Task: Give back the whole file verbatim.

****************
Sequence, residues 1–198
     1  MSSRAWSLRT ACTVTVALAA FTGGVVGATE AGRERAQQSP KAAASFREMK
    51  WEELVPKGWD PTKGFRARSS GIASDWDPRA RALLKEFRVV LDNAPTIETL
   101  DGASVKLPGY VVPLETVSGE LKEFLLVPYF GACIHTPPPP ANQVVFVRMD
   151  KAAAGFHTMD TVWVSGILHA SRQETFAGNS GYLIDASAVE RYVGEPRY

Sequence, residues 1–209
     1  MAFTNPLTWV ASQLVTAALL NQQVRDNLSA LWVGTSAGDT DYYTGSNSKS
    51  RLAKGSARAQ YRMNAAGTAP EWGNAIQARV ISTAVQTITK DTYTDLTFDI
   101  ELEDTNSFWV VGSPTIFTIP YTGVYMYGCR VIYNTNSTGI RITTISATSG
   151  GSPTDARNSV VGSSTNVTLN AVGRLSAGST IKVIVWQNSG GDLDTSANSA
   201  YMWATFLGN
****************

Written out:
Sequence, residues 1–198
     1  MSSRAWSLRT ACTVTVALAA FTGGVVGATE AGRERAQQSP KAAASFREMK
    51  WEELVPKGWD PTKGFRARSS GIASDWDPRA RALLKEFRVV LDNAPTIETL
   101  DGASVKLPGY VVPLETVSGE LKEFLLVPYF GACIHTPPPP ANQVVFVRMD
   151  KAAAGFHTMD TVWVSGILHA SRQETFAGNS GYLIDASAVE RYVGEPRY

Sequence, residues 1–209
     1  MAFTNPLTWV ASQLVTAALL NQQVRDNLSA LWVGTSAGDT DYYTGSNSKS
    51  RLAKGSARAQ YRMNAAGTAP EWGNAIQARV ISTAVQTITK DTYTDLTFDI
   101  ELEDTNSFWV VGSPTIFTIP YTGVYMYGCR VIYNTNSTGI RITTISATSG
   151  GSPTDARNSV VGSSTNVTLN AVGRLSAGST IKVIVWQNSG GDLDTSANSA
   201  YMWATFLGN